In a separate series of tests the samples were milled for 5.5 hours. The mill was turned off for periods of time between 2 and 13 hours. In the sample held for 13 hours, combustion occurred 2 seconds after milling was restarted. The time required for combustion increased with decreasing holding time, such that for a sample held for 6 hours, combustion occurred 73 seconds after the mill was restarted. Combustion was not observed in a sample held stationary for 2 hours. The time required for combustion after holding for 13 hours was found to decrease with an increase in the initial milling time; such that in a sample milled for 6 hours, combustion occurred after 1 second; after 5 hours, combustion occurred after 3 seconds while no combustion occurred in the sample milled for 4.5 hours.
The following reactions were carried out by milling the indicated reactants together as in Example 1. Approximately 8 grams of powders were used in all tests, including a 10% stoichiometric excess of the reducing agent. Milling times ranged from a few seconds to 48 hours. ##STR2##
Appropriate masses of Y2 O3, Ba and CuO to give the overall composition YBa2 Cu3 O4.5 were milled together as described in Example 2. After approximately 15 minutes of milling the reaction:
1/2Y2 O3 +2Ba+3CuO→YBa2 Cu3 O4.5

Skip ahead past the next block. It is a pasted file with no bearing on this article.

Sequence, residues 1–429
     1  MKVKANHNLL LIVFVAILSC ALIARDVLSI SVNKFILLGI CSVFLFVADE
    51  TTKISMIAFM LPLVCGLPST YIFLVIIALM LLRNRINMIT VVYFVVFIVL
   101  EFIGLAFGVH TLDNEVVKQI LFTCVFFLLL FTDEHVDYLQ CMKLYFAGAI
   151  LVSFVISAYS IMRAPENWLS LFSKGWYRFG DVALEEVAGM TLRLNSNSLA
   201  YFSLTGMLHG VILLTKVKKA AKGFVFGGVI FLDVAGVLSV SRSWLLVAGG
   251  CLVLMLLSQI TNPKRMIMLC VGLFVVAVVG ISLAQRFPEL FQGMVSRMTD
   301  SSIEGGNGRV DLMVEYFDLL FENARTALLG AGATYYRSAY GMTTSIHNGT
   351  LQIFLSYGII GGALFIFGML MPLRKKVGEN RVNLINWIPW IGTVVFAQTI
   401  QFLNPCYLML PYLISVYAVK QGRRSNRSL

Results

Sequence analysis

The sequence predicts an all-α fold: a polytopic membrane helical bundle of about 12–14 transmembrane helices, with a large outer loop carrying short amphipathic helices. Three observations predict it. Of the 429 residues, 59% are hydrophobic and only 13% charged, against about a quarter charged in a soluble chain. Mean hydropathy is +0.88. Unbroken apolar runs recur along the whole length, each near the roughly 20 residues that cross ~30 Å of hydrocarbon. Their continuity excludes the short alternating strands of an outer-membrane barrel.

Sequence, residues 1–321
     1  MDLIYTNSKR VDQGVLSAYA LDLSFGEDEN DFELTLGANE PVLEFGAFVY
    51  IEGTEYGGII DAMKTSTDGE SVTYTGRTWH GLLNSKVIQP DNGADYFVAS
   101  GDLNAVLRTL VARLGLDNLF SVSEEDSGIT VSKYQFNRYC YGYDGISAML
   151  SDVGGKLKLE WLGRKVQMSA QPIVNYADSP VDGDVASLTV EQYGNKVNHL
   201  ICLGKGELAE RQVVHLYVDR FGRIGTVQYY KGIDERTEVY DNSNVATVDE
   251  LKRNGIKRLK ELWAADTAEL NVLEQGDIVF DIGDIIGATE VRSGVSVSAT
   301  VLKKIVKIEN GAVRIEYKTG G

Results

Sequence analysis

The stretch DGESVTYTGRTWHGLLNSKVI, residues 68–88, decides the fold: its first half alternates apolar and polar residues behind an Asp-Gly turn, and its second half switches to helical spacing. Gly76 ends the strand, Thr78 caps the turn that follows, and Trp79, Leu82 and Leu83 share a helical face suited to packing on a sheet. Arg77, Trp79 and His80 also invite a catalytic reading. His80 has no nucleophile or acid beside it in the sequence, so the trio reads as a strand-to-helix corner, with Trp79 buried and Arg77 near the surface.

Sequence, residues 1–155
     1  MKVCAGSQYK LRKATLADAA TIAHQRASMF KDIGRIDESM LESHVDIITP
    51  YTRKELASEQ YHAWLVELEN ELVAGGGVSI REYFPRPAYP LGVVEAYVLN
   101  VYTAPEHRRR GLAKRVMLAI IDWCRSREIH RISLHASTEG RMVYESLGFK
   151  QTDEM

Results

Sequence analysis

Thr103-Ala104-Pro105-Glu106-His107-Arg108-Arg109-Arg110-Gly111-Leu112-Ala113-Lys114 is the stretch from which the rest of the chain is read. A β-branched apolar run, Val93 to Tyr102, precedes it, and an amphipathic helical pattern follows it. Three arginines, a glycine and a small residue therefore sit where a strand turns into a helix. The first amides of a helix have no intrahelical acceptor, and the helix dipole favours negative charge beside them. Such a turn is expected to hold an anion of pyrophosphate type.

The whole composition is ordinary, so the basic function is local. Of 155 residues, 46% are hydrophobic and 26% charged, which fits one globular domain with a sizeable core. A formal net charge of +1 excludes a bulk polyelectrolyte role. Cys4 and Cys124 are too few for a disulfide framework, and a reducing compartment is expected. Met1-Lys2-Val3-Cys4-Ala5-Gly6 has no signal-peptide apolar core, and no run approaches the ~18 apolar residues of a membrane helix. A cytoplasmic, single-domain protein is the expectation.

occurred by a combustion reaction.
Appropriate masses of Y, BaO2 and CuO to give the overall composition YBa2 Cu3 O7 were milled together as described in Example 2. After approximately 14 minutes of milling the reaction:
Y+2BaO2 +3CuO→YBa2 Cu3 O7
occurred by a combustion reaction.
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|U.S. Classification||75/352, 75/354|
|International Classification||C22C1/10, C22C, C22B5/00, C22B5/12, C04B35/00, C22B, C04B, C22B5/04, B22F9/20, B22F9/04, C22C1/04, C22C1/05, C04B35/45, C22C1/00, B22F1/00, C01G3/00, H01L39/24, B22F9/18, C01G1/00, C04B35/65|
|Cooperative Classification||C22B5/04, C04B35/65, C22C1/00, B22F9/18, C22B5/00, C22C1/1084, C04B35/45, H01L39/2419, B22F9/04, C22B5/12|
|European Classification||C04B35/65, C22B5/04, C22B5/12, C22C1/00, C22B5/00, B22F9/18, C04B35/45, C22C1/10F, H01L39/24J, B22F9/04|